You can pick it up now if you’re interested at: http://goo.gl/DlNwaf

Unity basic for Android and iOS now free!

Good news for all you other indie developers out there- Unity basic for Android and iOS is now free!

http://blogs.unity3d.com/2013/05/21/putting-the-power-of-unity-in-the-hands-of-every-mobile-developer/

Unity basic seems like it would be more than sufficient for the needs of most indie developers. This means that there will be a lot more people trying out Unity, publishing games, and making the platform stronger. Plus, the Unity developers will probably still make a good amount of money from additional purchases in the asset store.

I had been holding off developing in Unity until my current games could be generating enough income to easily justify the purchase, or for when I started going towards more 3d games, but I think I will try to publish a Unity game within the next couple months, to really test out the platform.

AndEngine for Android Game Development Cookbook Review

I really enjoyed this book because it appears to be helpful both to game developers who want to start using the AndEngine, as well as people that might be new to game development in general. Every cookbook “recipe” is something that you will need to use eventually while programming games, but it’s laid out so if you are looking for a particular concept you can find it easily, or if you are a beginner to game development, you can read through the book from beginning to end, and get all the tools you will need to create pretty much any game, and get ideas on things that you can add, that you might have not otherwise thought of.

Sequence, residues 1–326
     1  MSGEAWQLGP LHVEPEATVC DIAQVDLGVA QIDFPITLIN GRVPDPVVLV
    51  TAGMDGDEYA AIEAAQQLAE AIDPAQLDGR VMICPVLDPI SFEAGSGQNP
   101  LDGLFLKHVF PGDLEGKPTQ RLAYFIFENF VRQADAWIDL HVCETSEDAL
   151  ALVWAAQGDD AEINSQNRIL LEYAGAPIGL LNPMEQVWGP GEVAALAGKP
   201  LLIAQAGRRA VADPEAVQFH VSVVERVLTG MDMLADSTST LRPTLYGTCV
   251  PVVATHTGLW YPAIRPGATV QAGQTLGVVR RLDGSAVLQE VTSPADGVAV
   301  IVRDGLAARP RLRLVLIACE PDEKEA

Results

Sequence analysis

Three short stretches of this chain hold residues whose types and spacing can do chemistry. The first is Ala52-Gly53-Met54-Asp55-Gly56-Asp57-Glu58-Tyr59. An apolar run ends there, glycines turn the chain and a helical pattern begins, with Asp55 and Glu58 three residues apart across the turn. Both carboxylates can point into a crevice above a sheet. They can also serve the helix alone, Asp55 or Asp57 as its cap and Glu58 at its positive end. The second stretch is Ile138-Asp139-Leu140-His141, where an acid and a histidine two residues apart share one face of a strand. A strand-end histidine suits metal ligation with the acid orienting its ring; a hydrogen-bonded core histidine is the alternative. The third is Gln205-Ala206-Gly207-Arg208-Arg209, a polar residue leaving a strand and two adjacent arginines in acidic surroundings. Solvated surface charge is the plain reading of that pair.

The author touches upon such a wealth of topics, from basic drawing, animated sprites, parallax backgrounds, box2d physics(with many examples), menu systems, and so much more, which makes this book valuable for the solutions that can be applied to other gaming frameworks you chose to use in the future.

The author even includes the source code for a fully professional quality game, and references which recipes were used to create each portion of it!

If you are interested in developing games using AndEngine, this is a great place to start. If you want a book that will stay a valuable reference in your library as you continue down the path of game development, get this book.

You can pick it up from:
http://www.packtpub.com/andengine-for-android-game-development-cookbook/book

LibGDX demo platformer for 2d side scrolling game like Mario!

koala_demo

Since I had seen this post: http://www.badlogicgames.com/wordpress/?p=2870 on Badlogic, about adding a new maps API to libGDX, as well as a side scrolling demo into the official source, I have really wanted to see it in action, and play around with it a bit.

So, I finally got around to downloading the source for LibGDX from Github again, finding the demo and compiling it using the basic project shown here: http://chrismweb.com/2013/03/25/how-to-start-creating-android-games-using-the-libgdx-game-development-framework-updated-with-gdx-setup-ui-jar/

I have uploaded the HTML5 demo so you can play it, and have included the source code for the demo:
Continue reading

How to start creating android games using the LibGDX game development framework (UPDATED with gdx-setup-ui.jar)